Open-enrollment packets have reminded local employees in recent weeks that the U.S. health-care system is the most-expensive in the world.
Employee-benefits consultant Aon Hewitt is forecasting a 6.9 percent increase in overall annual premium costs in the Columbus area next year, with the average total premium cost per local employee reaching $10,777. That includes both the employer’s and employee’s share.
It’s the largest local increase in seven years, up from the 3.9 percent increase this year and 4.9 percent increase last year, according to the annual survey.
Nationwide, employees’ share of health-care costs — including their out-of-pocket costs — is expected to be $4,969 in 2014, up nearly 150 percent from a decade earlier.
Gov. John Kasich’s administration is leading a public- and private-sector partnership that will try to make health-care costs more affordable, both for the tax-funded Medicaid program and the private insurance market. Within five years, the goal is to have as much as 90 percent of Ohio’s population covered by insurance that emphasizes value over volume, according to an Oct. 18 presentation to the governor’s Advisory Council on Health Care Payment Innovation.
“We expect savings on a larger scale than anything we’ve seen so far,” said Greg Moody, director of the Governor’s Office of Health Transformation. “Instead of medical inflation going up 6 or 7 p ercent every year, why wouldn’t we expect it to go up 3 or 4 percent a year?”
State officials, with a $3 million federal grant authorized by the Affordable Care Act, are working with some of Ohio’s largest health insurers to base payments on value. The insurers include Aetna, Anthem Blue Cross and Blue Shield in Ohio, CareSource, Medical Mutual of Ohio and UnitedHealthcare.
Cost-savings projections will be included in the state’s application for millions in additional federal aid, which would be used to implement the system next year. Health-care providers would be paid based on how effectively they treat their patients — not the number of procedures they perform — in an effort to improve an individual’s overall health.
“We have to shift our focus to things that give us an opportunity to hold down costs,” said Moody, who often notes that Ohio spends more per person on health care than all but 17 states, yet 36 states have healthier workforces.
The advisory council will first focus on using primary-care doctors to coordinate all the health care their patients receive and designing new ways to pay for five high-cost “episodes,” including joint replacement and certain treatments of asthma and chronic obstructive pulmonary disease.
In primary care, bonus payments would be given to doctors who: oversee all of their patients’ care; use electronic health records for all patients; provide 24-hour, seven-days-a-week access to their practice; adopt disease-management protocols; and track patients when they go into a hospital.
Such practices, Moody said, are known to lower overall costs and improve health.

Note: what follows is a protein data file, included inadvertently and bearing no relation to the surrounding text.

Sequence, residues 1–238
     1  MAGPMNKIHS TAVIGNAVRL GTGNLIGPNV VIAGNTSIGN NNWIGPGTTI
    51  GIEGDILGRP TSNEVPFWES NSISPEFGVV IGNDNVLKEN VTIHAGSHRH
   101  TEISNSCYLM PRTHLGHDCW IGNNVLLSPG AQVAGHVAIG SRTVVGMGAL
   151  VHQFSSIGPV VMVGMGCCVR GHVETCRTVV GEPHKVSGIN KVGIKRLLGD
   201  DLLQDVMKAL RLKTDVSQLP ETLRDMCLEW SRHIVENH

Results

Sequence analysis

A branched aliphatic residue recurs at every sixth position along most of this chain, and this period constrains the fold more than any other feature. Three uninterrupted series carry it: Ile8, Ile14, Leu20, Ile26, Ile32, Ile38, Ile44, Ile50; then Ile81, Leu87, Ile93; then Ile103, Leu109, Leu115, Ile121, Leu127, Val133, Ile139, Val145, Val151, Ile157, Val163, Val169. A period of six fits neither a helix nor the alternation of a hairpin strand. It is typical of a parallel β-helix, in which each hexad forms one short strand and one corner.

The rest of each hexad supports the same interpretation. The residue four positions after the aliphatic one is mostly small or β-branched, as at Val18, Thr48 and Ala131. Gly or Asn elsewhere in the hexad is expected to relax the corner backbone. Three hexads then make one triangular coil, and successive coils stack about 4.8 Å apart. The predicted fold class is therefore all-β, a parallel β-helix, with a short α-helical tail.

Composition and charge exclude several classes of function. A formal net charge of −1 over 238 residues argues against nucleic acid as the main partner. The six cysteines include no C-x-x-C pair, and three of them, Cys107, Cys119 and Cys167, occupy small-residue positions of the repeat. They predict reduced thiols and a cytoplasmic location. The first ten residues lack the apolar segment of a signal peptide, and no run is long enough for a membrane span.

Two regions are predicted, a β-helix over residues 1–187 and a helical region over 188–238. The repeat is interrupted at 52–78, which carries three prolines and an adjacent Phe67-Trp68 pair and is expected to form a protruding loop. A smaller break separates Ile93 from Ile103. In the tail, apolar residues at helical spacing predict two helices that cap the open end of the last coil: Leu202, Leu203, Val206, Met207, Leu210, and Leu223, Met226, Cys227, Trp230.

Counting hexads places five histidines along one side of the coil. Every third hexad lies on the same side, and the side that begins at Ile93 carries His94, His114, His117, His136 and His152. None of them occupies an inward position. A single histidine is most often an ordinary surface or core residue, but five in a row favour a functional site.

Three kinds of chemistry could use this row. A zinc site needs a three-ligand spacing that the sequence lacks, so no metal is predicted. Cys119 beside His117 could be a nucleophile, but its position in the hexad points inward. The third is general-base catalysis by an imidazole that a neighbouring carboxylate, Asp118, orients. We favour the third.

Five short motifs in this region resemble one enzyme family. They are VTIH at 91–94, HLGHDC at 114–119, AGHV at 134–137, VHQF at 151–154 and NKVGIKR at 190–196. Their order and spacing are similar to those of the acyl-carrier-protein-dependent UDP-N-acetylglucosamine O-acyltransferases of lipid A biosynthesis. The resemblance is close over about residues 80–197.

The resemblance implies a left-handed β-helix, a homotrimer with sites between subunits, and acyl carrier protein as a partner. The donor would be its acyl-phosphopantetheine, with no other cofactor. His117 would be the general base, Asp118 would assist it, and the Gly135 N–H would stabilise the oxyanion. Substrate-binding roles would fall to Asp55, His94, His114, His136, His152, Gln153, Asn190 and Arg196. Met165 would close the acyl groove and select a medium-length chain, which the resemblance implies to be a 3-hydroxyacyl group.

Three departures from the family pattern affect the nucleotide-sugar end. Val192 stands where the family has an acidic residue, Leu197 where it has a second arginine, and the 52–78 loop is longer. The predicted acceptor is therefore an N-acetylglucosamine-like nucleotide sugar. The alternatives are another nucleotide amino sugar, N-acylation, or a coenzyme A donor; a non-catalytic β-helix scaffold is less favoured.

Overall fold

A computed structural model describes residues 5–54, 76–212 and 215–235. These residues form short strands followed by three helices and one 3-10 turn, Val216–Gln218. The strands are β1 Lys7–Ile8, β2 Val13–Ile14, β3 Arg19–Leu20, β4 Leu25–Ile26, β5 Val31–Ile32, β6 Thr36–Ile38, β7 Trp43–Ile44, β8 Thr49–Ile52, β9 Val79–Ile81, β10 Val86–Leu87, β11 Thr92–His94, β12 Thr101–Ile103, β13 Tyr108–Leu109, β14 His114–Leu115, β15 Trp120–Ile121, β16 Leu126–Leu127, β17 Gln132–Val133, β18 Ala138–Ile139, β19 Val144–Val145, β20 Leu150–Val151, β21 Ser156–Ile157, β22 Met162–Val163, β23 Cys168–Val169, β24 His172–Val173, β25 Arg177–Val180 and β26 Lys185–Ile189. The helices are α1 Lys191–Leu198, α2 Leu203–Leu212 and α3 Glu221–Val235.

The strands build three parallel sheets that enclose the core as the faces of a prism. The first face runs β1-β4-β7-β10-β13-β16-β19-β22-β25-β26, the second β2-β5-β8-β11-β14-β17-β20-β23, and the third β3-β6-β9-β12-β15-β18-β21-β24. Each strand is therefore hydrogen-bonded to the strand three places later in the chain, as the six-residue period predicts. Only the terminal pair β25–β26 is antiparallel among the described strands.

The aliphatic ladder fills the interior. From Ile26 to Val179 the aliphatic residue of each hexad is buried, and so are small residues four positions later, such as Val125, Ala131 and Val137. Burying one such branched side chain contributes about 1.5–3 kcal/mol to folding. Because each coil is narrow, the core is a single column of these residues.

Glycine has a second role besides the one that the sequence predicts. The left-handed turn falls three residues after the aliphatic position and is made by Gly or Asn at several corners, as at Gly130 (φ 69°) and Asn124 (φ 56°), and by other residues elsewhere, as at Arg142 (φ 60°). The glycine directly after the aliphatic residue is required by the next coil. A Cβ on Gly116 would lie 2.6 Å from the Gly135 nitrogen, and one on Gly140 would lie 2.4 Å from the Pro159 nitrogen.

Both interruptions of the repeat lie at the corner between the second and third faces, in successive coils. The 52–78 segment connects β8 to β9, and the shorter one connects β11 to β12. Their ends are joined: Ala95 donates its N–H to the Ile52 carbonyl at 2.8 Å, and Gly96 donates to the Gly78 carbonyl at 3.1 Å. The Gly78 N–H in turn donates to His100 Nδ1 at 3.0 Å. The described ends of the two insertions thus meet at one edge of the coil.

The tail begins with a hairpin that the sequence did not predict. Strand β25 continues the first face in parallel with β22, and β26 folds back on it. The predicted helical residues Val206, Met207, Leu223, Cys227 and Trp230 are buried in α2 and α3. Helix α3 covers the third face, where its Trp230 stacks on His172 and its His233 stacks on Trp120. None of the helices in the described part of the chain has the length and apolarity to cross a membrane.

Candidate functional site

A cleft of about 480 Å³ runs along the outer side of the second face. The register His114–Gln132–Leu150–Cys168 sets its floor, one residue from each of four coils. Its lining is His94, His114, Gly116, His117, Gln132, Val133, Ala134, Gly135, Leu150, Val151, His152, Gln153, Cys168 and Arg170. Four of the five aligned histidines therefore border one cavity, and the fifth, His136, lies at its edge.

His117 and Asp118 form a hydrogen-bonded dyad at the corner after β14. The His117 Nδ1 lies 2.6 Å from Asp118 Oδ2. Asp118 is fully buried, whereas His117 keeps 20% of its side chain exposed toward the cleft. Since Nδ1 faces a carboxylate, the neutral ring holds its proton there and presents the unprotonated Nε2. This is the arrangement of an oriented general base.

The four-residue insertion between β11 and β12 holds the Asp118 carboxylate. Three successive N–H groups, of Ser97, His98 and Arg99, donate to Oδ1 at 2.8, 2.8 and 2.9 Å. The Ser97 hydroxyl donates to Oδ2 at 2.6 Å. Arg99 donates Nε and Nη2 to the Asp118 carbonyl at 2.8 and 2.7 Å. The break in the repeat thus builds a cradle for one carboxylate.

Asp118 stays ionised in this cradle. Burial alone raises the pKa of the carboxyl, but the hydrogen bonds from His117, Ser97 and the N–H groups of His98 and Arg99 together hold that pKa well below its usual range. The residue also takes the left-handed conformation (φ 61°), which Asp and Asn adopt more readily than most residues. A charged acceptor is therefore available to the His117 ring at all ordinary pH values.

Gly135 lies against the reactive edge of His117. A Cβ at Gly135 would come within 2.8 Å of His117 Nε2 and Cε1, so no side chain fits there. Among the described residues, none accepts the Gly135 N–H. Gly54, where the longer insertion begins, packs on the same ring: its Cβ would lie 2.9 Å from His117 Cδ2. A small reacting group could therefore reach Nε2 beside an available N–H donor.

Still, people do get sick and sometimes require hospitalization. To save money on that end, the state’s plan would base payments on various ailments’ average cost — which can now vary widely — creating competition among health-care providers.
Nationwide, Aon Hewitt is forecasting, the cost of health benefits per employee will rise
6.7 percent. Another consultant, Mercer, forecasts a 4.8 percent increase.
Steven Keller, Aon Hewitt vice president and practice leader in central Ohio, said the lower rate of increase in health-care premiums in recent years is partly a reflection of lower health-care usage during the recession.
He said 2014 rates have been driven up somewhat by new fees, including a $63 fee per covered person included in the Affordable Care Act. The fee is meant to help insurance companies pay for high-cost patients who buy insurance policies through government-run marketplaces.
Mercer officials say more cost-conscious employers continue to gravitate toward: managing worker health through wellness programs; defining how much they’ll contribute toward their workers’ health benefits and having workers buy coverage through privately run health-insurance exchanges; and limiting the eligibility of their workers’ spouses to be on their health plan, or charging them extra.
“They’re very concerned about where their costs are today, and they’re very concerned about where their costs are going to be five years from now,” said Jason Beaver, a Columbus-based principal in Mercer’s health and benefits business.
Employers are also mindful of the eventual impact of the so-called “Cadillac tax,” which takes effect in 2018.
That’s an Affordable Care Act excise tax on high-cost health plans that employers offer — plans with total costs that exceed $10,200 for individual coverage and $27,500 for family coverage.
About 17 percent of organizations have begun to redesign their health plans to avoid the tax, according to a survey by the International Foundation of Employee Benefit Plans.
This news is brought to you courtesy of Dr. Mark Bishara & The Paragon Med Spa
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